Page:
Liquidity in cryptocurrency is the ability of a coin to be converted into cash or other coins. In financial markets, liquidity generally describes the ease of converting assets into cash without difficulty. And other conversions into coins into cash or other coins in the context of liquidity in cryptocurrencies. This is certainly an important concept when dealing with cryptocurrencies.
A user who funds a liquidity pool with crypto assets they own to facilitate trading on the platform and earn passive income on their deposit is what a liquidity provider is. They stake their cryptocurrency tokens on Decentralized Exchanges (DEXs) to earn transaction fees, often referred to as liquidity mining or market-making. The amount of available liquidity and the number of transactions in the liquidity pool that affect interest rates, making the denomination of interest rates in fees vary.
For example, a liquidity provider contributes $10 USD worth of assets to a liquidity pool that has a total value of $100, the liquidity provider will receive 10% of the liquidity pool tokens. 10% of tokens received by the liquidity provider is the 10% they owned in the liquidity pool of the crypto.
Decentralized exchanges (DEXs) are available in blockchain smart contracts used for liquidity pools that use an Automated Market Maker (AMM) system. The smart contracts used have to follow some standards; the most widely used standard is the ERC20 standard, which requires an approved function and a transfer from function. This allows the trading of illiquid trading pairs with limited slippage. Exchanging illiquid trading pairs on book-based exchanges (or, a Centralized Exchange) can result in losses and difficulty executing trades, but trades can always be executed as long as the liquidity pools are large enough with a liquidity provider in place. AMM also operates automatically which supports decentralization and fairness.
To collect liquidity on the DEX, liquidity providers use their blockchain wallets (Ethereum wallet, VexWallet, etc.) to send tokens to the liquidity pool. Liquidity providers do not frequently move their assets across different pools, seemingly indifferent to price changes or other market indicators. Liquidity providers are thus seen as trade facilitators and are paid an activated transaction fee for their trades.
Basically, liquidity providers work using tokens as proof that the liquidity providers own part of the liquidity pool which can be used to remove their crypto tokens from the liquidity pool at any time. The fee transaction that earned directly went to the liquidity pool for proportionate growth of the liquidity pool. “Fee-earning limit order” is the protocol that explains the liquidity providers will be removed from the liquidity pool by smart contract and sell the liquidity provider’s cryptocurrency for whichever token is still within your price range if the price of the cryptocurrency falls out of the price range you specify.
Let’s take the case, the liquidity provider provides $1,000 and $2,500 in the liquidity pool. However, the liquidity provider’s token drops to $1,000, then they will sell their DAI for their token and receive all their funds back from the token they used. This can mean, by adjusting the range of liquidity prices provided by liquidity providers, they can also adjust their liquidity to market conditions.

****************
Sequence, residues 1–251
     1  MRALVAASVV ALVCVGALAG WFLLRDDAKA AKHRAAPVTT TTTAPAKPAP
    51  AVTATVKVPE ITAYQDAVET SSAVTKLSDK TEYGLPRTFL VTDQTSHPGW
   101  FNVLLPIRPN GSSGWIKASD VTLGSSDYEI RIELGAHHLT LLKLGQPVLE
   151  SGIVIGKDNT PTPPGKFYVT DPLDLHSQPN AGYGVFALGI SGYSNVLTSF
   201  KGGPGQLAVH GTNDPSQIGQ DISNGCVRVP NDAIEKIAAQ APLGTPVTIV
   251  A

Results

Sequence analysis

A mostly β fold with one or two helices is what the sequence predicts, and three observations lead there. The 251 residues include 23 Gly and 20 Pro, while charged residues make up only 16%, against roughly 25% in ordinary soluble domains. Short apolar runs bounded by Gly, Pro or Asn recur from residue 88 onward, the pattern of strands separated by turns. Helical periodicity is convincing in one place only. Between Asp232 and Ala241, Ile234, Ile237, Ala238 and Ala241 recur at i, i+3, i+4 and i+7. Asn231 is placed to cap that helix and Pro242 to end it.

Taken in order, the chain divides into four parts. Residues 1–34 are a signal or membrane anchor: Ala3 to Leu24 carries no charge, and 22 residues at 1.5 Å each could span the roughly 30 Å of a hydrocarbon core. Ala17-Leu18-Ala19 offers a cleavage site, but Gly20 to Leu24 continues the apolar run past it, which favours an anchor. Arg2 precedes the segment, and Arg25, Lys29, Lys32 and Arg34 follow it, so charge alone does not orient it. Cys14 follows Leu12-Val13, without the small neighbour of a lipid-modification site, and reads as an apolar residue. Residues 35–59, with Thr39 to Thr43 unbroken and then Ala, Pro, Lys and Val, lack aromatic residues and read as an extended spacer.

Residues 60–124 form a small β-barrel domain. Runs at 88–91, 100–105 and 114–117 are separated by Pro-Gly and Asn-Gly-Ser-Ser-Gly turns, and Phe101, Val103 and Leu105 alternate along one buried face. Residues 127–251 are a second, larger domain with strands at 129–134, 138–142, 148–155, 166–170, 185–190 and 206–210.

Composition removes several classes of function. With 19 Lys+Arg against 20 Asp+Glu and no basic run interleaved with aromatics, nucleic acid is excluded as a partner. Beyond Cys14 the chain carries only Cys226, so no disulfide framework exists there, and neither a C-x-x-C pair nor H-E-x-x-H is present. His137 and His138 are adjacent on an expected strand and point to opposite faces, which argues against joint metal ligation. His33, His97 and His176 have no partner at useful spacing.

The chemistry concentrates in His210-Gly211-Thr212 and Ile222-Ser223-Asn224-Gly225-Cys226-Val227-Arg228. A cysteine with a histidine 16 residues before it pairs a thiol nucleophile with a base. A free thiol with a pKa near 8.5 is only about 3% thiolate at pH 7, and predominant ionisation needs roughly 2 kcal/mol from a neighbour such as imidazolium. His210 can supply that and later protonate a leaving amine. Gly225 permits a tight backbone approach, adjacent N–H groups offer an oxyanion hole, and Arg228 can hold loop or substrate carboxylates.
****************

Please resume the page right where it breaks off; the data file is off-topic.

But, on a research paper by Capponi and Jia (2021) found that there is a unique equilibrium prevailing between the incentives of liquidity providers and characterize the subgame perfect equilibrium of the game, i.e. liquidity providers are willing to deposit their tokens into the AMM or also known as “adoption equilibrium” and where liquidity providers do not deposit their tokens into the AMM or “liquidity freeze equilibrium”. This analysis sheds insights on what type of tokens are most suitable to be traded on the AMM: (1) stable coins that are not subject to large price fluctuations, and (2) tokens for which investors have high personal use.
Ye Wang et al (2021) in their paper stated most liquidity providers reserve their money only in one liquidity pool until September 2020. Later on, during October and November 2020, liquidity providers are interested in more pools. The largest providers participate in 120 pools and more than 96.5% of the accounts reserve their money in no more than 5 pools.
Distribution of the number of liquidity pools that each liquidity provider participates in. About 10,000 only participate in a single pool (top left), and some providers participate in many pools (bottom right) (Ye Wan et al, 2021).
The existence of liquidity in the marketplace is important because it can create an equilibrium price for buyers and sellers in the marketplace so that it can be accepted by everyone, ensuring also that prices are stable and not vulnerable to changes in trading results that can trigger volatility and risk for the general market, as well as increasing liquidity. The accuracy of technical analysis and the formation of liquid charts develops precisely. In other words, the fundamental of Decentralized Finance (DeFi) is liquidity. [ ]